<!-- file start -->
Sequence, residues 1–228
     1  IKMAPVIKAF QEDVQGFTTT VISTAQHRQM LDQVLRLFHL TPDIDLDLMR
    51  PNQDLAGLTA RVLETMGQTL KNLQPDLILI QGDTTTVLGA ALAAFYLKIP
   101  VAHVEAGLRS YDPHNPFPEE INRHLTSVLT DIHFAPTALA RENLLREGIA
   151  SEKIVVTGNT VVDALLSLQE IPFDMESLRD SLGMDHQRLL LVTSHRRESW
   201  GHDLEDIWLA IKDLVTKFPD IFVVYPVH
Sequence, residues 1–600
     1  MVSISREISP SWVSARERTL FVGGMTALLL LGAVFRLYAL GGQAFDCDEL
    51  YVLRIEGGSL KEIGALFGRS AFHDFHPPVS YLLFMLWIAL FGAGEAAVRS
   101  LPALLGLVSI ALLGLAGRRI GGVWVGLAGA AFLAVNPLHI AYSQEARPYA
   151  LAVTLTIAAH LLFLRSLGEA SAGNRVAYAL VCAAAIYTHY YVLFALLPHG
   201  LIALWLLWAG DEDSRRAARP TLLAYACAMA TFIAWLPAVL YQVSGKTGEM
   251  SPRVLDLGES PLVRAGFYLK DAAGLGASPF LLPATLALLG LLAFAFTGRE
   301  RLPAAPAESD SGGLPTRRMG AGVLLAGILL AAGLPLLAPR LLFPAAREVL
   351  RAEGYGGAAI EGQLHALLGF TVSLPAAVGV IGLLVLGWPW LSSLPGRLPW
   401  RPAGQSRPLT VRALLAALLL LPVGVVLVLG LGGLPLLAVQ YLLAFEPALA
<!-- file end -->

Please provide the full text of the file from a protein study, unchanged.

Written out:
Sequence, residues 1–228
     1  IKMAPVIKAF QEDVQGFTTT VISTAQHRQM LDQVLRLFHL TPDIDLDLMR
    51  PNQDLAGLTA RVLETMGQTL KNLQPDLILI QGDTTTVLGA ALAAFYLKIP
   101  VAHVEAGLRS YDPHNPFPEE INRHLTSVLT DIHFAPTALA RENLLREGIA
   151  SEKIVVTGNT VVDALLSLQE IPFDMESLRD SLGMDHQRLL LVTSHRRESW
   201  GHDLEDIWLA IKDLVTKFPD IFVVYPVH
Sequence, residues 1–600
     1  MVSISREISP SWVSARERTL FVGGMTALLL LGAVFRLYAL GGQAFDCDEL
    51  YVLRIEGGSL KEIGALFGRS AFHDFHPPVS YLLFMLWIAL FGAGEAAVRS
   101  LPALLGLVSI ALLGLAGRRI GGVWVGLAGA AFLAVNPLHI AYSQEARPYA
   151  LAVTLTIAAH LLFLRSLGEA SAGNRVAYAL VCAAAIYTHY YVLFALLPHG
   201  LIALWLLWAG DEDSRRAARP TLLAYACAMA TFIAWLPAVL YQVSGKTGEM
   251  SPRVLDLGES PLVRAGFYLK DAAGLGASPF LLPATLALLG LLAFAFTGRE
   301  RLPAAPAESD SGGLPTRRMG AGVLLAGILL AAGLPLLAPR LLFPAAREVL
   351  RAEGYGGAAI EGQLHALLGF TVSLPAAVGV IGLLVLGWPW LSSLPGRLPW
   401  RPAGQSRPLT VRALLAALLL LPVGVVLVLG LGGLPLLAVQ YLLAFEPALA